Ron Pimentel, clinical professor of marketing at WSU Vancouver, shares three ways small businesses can stay competitive and create value for consumers in an article published in the May 3, 2019, issue of the Vancouver Business Journal.

Planned Paine Field Hotels to Offer Park-and-fly Perks

Jenni Sandstrom, clinical assistant professor of hospitality business management at WSU Vancouver, speaks to the developing hotel market in Everett due to the newly implemented services of Alaska and United Airlines at Paine Field’s new passenger terminal. The article, written by Janice Podsada on Wednesday, June 3, 2019, is published in the Everett Herald.

Putting a Price on Women’s Emotional Labour in the Workplace

Leah Sheppard, assistant professor of management, information systems, and entrepreneurship, is featured in Gwen Morgan’s In the Black article published April 1, 2019. Sheppard comments on the backlash that can occur in the workplace when women violate the behaviors that are expected of them.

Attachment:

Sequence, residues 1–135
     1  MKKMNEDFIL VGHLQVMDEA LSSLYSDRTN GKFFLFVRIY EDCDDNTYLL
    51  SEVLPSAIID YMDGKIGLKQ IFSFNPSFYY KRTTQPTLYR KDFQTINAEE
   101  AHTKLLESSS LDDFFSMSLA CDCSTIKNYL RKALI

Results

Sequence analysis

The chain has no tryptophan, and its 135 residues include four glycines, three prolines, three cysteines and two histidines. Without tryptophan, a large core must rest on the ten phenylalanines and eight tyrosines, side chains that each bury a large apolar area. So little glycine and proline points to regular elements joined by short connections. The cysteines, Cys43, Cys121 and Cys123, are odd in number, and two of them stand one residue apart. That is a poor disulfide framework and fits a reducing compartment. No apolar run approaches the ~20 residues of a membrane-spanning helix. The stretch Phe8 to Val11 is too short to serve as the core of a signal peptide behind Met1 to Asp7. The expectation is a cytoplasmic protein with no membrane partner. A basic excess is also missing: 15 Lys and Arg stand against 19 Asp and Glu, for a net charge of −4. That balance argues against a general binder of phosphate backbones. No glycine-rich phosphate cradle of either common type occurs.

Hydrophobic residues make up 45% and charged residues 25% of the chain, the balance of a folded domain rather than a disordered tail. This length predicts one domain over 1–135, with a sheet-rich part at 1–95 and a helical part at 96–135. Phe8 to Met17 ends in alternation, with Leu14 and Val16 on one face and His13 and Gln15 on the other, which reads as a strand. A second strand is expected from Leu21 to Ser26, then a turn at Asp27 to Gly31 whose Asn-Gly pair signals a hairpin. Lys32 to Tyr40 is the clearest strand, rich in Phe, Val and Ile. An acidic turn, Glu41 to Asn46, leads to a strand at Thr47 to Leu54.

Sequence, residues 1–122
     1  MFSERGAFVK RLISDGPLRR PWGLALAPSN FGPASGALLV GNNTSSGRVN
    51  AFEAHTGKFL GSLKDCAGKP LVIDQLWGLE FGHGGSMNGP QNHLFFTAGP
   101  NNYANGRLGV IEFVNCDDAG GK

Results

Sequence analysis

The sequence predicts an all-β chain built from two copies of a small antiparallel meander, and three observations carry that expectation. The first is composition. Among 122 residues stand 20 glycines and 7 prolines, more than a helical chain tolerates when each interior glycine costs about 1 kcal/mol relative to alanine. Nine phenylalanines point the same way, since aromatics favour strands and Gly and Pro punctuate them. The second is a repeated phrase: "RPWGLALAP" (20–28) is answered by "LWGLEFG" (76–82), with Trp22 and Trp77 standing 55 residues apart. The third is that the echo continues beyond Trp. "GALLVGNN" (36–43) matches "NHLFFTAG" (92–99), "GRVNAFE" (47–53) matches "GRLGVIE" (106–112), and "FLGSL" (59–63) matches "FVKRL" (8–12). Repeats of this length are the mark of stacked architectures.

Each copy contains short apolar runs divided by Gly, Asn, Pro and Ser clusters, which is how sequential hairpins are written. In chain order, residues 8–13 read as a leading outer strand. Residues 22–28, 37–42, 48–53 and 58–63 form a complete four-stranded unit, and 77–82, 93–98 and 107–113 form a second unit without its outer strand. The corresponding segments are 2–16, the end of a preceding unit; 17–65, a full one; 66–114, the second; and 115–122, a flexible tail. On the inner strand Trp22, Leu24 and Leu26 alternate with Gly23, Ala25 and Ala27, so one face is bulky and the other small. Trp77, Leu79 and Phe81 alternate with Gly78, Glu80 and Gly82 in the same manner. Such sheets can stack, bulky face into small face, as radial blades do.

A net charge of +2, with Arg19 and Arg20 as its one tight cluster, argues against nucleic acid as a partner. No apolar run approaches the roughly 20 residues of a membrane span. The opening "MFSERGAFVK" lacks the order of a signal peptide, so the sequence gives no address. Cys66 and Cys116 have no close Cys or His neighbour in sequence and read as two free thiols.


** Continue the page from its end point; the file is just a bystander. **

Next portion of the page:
Sheppard is featured in several publications for her research investigating the “femme fatale” effect that considers attractive businesswomen less trustworthy and less truthful in the workplace.

Attractive Businesswomen Considered Less Trustworthy, More Fireable, Researchers Find.” March 27, 2019, KOMO News.

In Her Words: Pretty Can Hurt Women’s Careers”, April 23, 2019, New York Times.

Attractive Businesswomen Viewed as Less Trustworthy ‘“Femmes Fatales’” April 11, 2019, Tacoma Daily.

Sheppard was also featured in Harvard Business Review’s May 20, 2019, podcast “When Women Compete.” Drawing from her research, Sheppard explains how stereotyping and gender inequity can shape the way women think about and approach competition at work.

Next Carson Coug Rolls out Fall 2019

Tom Tripp, senior associate dean for academic affairs, discusses the rollout of the Next Carson Coug curriculum reform in Jessica Swanson’s article published in the May 17, 2019, issue of the Vancouver Business Journal. Starting in 2019, Carson College undergraduates will be required to participate in cocurricular activities through a new milestone system that provides a menu of activities and tracks involvement.